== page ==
As the world continues to manage the effects of COVID-19 (known more commonly at the “coronavirus”), the US continues to update recommendations on how best to avoid the spread of the disease. We are paying attention to these recommendations and have implemented several policies to better comply with what the US government suggests.
At this time, we do not have any COVID-19/coronavirus testing. Should this change, we will make an announcement here on our website and via social media. We will be able to test for typical strains of the flu and the common cold, but if you are concerned that you have contracted COVID-19/coronavirus, please contact the COVID-19 Call Center at 1-866-779-6121 or COVIDfirstname.lastname@example.org.
Should you need to visit us, we ask that you check in online here to better help us see you in a timely manner with minimal contact with other sick patients in our waiting room. If you come to see us and are exhibiting symptoms of COVID-19/coronavirus such as coughing, fever, and shortness of breath, we will kindly ask you to wait in your vehicle until we are ready to see you. Our goal is to minimize the contact of our patients as much as possible to try and limit the possibility of exposure to illnesses.
Since we foresee an influx of patients at both of our locations, we will be not be accepting walk-ins at the Lakeland office past 9:00pm and will not be accepting walk-ins at the Winter Haven office past 10:00pm. This will allow us to give our full attention to our patients and allow us to better prepare to see patients the next day.
We appreciate your understanding and cooperation during this time. Remember to stay calm, wash you hands, and minimize your contact with other people.
Earlier this year, the World Health Organization declared a public health emergency because of the concern surrounding the spread of the new coronavirus. They have identified several cases in the United States, but what does that mean for you? Should you change any part of your daily routine to stay safe from this new virus? We’ll break it down for you.
What is the coronavirus? Traditionally, the standard coronavirus is the cause for most of the colds and respiratory illnesses that people get every fall and winter – also known as the “common cold.” The strain that is causing so much concern is a new respiratory virus that originated in Wuhan, China, and has slowly started spreading into other countries—including the United States.
What are the symptoms? The coronavirus has similar symptoms to a cold or the flu. Symptoms can appear anywhere from two to 14 days after exposure. This means that people may not realize they have the virus even though they could be contagious. Some people may have no symptoms at all. Symptoms to watch for:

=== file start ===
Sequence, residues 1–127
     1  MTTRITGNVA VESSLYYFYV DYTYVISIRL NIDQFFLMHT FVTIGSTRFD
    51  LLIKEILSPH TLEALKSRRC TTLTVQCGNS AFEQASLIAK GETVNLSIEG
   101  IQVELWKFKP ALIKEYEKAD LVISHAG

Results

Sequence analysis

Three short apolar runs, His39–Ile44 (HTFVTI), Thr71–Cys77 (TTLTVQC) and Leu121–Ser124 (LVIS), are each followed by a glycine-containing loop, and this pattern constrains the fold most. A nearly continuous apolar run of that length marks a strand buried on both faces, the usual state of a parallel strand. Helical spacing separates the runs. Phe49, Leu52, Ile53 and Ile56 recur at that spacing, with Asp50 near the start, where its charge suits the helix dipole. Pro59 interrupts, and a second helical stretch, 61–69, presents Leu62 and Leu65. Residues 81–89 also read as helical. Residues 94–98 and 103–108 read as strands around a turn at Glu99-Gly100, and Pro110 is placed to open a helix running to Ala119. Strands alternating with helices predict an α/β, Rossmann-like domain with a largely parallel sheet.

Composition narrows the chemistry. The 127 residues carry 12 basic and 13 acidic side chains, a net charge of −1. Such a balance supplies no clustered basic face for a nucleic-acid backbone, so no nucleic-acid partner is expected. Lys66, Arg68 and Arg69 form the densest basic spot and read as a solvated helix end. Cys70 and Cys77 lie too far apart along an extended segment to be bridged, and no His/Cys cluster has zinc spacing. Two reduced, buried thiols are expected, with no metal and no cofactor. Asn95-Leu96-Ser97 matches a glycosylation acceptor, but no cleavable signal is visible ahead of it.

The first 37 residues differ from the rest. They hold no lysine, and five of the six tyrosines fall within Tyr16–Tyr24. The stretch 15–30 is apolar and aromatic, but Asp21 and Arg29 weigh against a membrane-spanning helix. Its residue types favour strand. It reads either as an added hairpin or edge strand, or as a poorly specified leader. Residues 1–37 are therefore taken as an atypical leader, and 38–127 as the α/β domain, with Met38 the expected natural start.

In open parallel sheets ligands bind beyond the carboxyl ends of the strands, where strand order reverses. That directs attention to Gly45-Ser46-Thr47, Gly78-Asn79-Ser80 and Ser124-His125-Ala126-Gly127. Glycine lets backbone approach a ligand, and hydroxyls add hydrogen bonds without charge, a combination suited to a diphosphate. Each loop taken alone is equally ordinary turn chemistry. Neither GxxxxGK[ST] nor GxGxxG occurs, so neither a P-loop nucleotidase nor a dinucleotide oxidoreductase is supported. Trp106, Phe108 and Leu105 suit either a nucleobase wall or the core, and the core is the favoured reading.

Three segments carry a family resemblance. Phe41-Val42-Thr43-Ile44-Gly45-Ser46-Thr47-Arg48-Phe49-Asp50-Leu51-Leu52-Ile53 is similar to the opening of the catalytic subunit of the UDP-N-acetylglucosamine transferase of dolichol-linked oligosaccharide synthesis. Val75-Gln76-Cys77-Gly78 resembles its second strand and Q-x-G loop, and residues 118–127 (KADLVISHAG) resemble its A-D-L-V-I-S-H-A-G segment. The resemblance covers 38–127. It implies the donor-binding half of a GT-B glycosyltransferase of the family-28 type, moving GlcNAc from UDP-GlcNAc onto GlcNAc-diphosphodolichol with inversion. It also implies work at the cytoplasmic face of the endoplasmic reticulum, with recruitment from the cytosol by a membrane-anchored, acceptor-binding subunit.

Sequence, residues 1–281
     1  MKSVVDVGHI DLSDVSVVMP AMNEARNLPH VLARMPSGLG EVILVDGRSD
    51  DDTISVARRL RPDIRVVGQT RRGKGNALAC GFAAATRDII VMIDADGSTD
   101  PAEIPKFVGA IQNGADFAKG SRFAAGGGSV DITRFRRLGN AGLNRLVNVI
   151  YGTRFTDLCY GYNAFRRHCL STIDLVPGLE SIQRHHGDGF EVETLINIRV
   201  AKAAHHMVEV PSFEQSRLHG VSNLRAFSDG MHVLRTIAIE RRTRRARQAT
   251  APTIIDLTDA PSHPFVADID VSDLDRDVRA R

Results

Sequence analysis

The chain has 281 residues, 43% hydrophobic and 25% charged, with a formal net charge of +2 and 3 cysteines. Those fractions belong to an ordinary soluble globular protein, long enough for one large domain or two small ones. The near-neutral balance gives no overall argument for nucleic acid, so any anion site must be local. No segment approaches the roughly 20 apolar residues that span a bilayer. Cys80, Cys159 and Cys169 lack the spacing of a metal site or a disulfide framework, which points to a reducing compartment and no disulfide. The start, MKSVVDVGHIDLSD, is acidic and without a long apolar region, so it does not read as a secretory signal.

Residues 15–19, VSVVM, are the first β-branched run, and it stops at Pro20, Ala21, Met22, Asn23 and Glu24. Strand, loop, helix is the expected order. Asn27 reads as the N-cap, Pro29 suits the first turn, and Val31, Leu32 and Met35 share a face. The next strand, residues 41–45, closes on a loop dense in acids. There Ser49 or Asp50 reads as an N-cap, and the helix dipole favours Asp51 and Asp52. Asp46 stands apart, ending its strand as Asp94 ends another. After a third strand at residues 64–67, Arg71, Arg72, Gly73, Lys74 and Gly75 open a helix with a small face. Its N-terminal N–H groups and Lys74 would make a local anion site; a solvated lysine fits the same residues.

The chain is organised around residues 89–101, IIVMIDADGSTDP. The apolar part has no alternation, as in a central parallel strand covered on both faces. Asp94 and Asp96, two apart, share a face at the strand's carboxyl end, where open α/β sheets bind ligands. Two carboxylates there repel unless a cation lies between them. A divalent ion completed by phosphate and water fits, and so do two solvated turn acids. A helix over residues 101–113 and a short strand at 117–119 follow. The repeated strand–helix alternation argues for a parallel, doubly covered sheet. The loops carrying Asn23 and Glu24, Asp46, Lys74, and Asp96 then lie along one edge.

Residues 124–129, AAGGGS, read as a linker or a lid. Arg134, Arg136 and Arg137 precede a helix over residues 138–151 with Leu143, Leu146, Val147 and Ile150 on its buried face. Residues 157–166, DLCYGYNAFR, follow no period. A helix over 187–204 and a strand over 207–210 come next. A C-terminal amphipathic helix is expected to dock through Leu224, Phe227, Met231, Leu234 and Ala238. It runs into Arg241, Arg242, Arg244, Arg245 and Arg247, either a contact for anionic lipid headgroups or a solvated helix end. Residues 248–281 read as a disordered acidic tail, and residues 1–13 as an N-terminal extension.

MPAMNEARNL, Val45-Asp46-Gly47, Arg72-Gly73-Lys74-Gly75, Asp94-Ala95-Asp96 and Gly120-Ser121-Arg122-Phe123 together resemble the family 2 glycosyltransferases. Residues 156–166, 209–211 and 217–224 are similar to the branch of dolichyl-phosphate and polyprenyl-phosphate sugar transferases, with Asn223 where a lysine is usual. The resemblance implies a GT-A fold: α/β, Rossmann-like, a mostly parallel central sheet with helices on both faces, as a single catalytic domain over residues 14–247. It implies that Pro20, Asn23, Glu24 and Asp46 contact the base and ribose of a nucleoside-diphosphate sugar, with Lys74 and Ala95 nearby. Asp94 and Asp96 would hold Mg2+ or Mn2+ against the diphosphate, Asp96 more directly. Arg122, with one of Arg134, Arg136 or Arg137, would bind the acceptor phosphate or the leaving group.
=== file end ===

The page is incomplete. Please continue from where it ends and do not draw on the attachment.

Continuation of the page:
- Shortness of breath or trouble breathing
If you have respiratory symptoms but no fever, still see a doctor to help determine whether you have this strain of the virus. Like any virus, it can be most difficult for the very young, elderly, or people with compromised immune systems.
How can you protect yourself? To limit the chances of coming down with any illness, including the coronavirus, follow the same precautions that you would for all cold and flu outbreaks:
- Wash your hands with soap and water frequently throughout the day for a minimum of 20 seconds, especially every time you use the restroom and before you eat.
- Use alcohol-based hand sanitizers (Hand sanitizer should never be used as a substitute for hand washing, as it will not kill all germs.)
- Cough and sneeze into your elbow—NOT your hands.
- Avoid touching your face.
- Stay home if you have symptoms of the flu and especially if you have a fever.
- Stay away from people that are exhibiting cold and flu symptoms, like coughing, sneezing, and wheezing.
- Frequently clean and disinfect common surfaces that are touched throughout the day – doorknobs, countertops, cabinet handles, and phones, to name a few.
If you suspect that you have been in contact with someone that has the virus, notify your health care practitioner for guidelines on what you should do. For the latest news on the coronavirus, check the following up-to-date websites:
- Summary of outbreak and response from the CDC
- Information on symptoms, prevention, and treatment (CDC)
- US situation summary (CDC)
- International summary (World Health Organization)
This article provides information on general health and health-related subjects. The information and other content provided by this article, or in any linked references, is not intended as a substitute for professional medical expertise and should not be used to replace the advice of your own healthcare provider.
If you or any other person under your care has a medical concern, consult with your health care provider or seek professional medical treatment. Do not disregard professional medical advice or delay in seeking treatment because of something read in this article or in any linked materials.
If you think you are experiencing a medical emergency, call your doctor or dial 911 for immediate emergency services.